Different room options were shown to me, and I had to decide which I would prefer. I had to pick one and if in the future I wanted or needed a different room, I would have to pay for the difference.

Then we went around the place, which was nice, though the big pools didn't convince me, and I found the gym too small and poorly equiped. We were then shown one room, that honestly looked more like a cabin than a hotel room. It had a kitchenet and a regular fridge. And the hallways were dark. Hell, it reminded me of the hotel room where I stayed with the girls in München, and that wasn't even München!

When we returned to the chatting place, where a second seller would take over to talk prices (prices disclosed at the end: sure sign of bad), I had already formed a cap amount in my head: being an All Inclusive hotel, if they had room service and mini-bar, I was willing to go for a $500 membership a year for a room with capability for four people. And I was being generous there. Then came the Price Guy, and things went out of the window. As it happens, they sold 15 year plans, with a cost of +$12 000. Oh, butu I was in the luck, because they could offer me a 12 year plan for only +$10 000. I only had to pay up front $2800 and the rest in monthly payments for a year or in two years.

Yeah, ain't no gonna happen. Price Guy went on wild on the numbers, making all sorts of warped calculations about how it was only $908 per year (in other words, $908,00 for seven nights in a concrete cabin, without the meals or the All Inclusive plan), which was as cheap as $48 per night (what kind of maths are you using son? Didn't you read your notes? Lau and I are economists: we know numbers and money. If the cost per year is $908, the cost per each of the allowed seven nights is $129,71), which was only $10,80 per night per person. And he went on and on about how it was impossible to find a room for $10 a night, unless it was a hostel "and I know you will never go to a hostel". What was making him believe that I would go penny-counting and charging my guests for their stay? Price per person, per night is a nasty way of selling a room. And for a client that "doesn't stay at hostels" such a parsimonious calculations are futile in the gentler of cases, and insulting in the worse. Not to mention that in the end, what will be paid is that up front amount, those montly payments, and all the extras so carefully kept from the eye of the client, such as the actual meal plans and other comissions and fees... and whatever that fee might be that was mentioned in the passing, and which increases 4% per year. No, I have not lost that from sight.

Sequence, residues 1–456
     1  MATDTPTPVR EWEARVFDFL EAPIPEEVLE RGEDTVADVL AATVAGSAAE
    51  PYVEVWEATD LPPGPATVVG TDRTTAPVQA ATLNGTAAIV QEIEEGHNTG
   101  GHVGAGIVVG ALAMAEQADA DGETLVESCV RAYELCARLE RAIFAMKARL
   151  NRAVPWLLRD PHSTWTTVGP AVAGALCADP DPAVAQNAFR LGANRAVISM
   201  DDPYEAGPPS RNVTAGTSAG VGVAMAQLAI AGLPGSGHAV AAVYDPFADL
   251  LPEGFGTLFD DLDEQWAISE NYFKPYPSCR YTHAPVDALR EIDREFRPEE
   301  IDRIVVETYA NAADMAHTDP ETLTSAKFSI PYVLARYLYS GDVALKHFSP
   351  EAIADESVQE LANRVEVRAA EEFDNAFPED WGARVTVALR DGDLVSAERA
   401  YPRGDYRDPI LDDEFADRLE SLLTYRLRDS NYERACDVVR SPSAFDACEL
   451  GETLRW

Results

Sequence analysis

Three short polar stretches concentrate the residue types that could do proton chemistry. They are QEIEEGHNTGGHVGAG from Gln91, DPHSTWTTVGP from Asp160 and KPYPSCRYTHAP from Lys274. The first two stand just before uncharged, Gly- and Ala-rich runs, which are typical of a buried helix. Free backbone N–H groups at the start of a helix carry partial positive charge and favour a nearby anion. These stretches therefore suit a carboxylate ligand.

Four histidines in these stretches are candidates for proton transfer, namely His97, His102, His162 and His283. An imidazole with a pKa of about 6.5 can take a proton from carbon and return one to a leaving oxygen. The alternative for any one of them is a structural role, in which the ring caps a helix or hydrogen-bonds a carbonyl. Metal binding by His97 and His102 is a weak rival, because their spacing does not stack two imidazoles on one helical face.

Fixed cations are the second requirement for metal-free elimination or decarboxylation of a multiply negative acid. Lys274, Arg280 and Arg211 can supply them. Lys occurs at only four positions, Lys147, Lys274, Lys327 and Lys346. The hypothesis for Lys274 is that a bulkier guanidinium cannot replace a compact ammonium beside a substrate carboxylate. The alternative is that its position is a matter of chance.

When I told him that I don't like commitment and I definitively don't like the idea of the up front payment, he went a bit pety, commenting how much I would pay for my other vacations in fifteen years, so this was not that much.

"Yeah," I said "but I'll pay those vacations as they come, from the same account and the same salary from which I would pay this. Those I can decide when and were to take them, and those are more prioritary to me than this, which would be just for whenever I feel like it - a weekend getaway - so it makes no sense to me to make such a commitment on this place."

Price Guy actually tried to use Lau against me, how I could sell Lau or my other friends those days, and so on, and when I insisted in my refusal, he went nasty.

"Is it because of the money?"
"It's because of the commitment," I told him.

He tried to find me a suitable plan, but all had the same component: the up front payment. Really, didn't he get it? I don't want to up front pay anything.

In the end they worked on us for over two hours (not the 60 minutes) and got nowhere with us. Frustration was evident on them, with the first representative didn't even bothering in saying goodbye when parting. 

So here is what I think: